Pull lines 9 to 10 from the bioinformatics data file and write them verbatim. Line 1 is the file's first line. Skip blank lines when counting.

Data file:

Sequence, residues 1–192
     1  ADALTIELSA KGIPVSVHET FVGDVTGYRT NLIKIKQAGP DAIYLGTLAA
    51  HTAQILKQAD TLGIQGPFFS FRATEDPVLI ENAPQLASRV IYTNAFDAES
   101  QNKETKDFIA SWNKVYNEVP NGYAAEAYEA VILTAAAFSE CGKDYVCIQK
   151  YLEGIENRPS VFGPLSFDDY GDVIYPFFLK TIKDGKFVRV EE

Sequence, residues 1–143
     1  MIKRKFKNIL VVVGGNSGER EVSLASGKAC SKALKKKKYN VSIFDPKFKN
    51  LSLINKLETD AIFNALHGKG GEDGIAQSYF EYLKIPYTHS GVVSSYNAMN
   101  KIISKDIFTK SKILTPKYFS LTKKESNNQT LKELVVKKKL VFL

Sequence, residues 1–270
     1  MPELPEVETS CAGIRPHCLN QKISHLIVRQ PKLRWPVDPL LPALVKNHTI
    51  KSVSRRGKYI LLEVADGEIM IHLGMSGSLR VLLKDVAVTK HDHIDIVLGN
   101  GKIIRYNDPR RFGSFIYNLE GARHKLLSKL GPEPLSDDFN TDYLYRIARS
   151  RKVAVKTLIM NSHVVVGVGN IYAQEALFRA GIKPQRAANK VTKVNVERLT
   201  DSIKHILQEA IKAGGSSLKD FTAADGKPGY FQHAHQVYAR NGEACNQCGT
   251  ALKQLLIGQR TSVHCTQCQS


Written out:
   101  KIISKDIFTK SKILTPKYFS LTKKESNNQT LKELVVKKKL VFL

Sequence, residues 1–270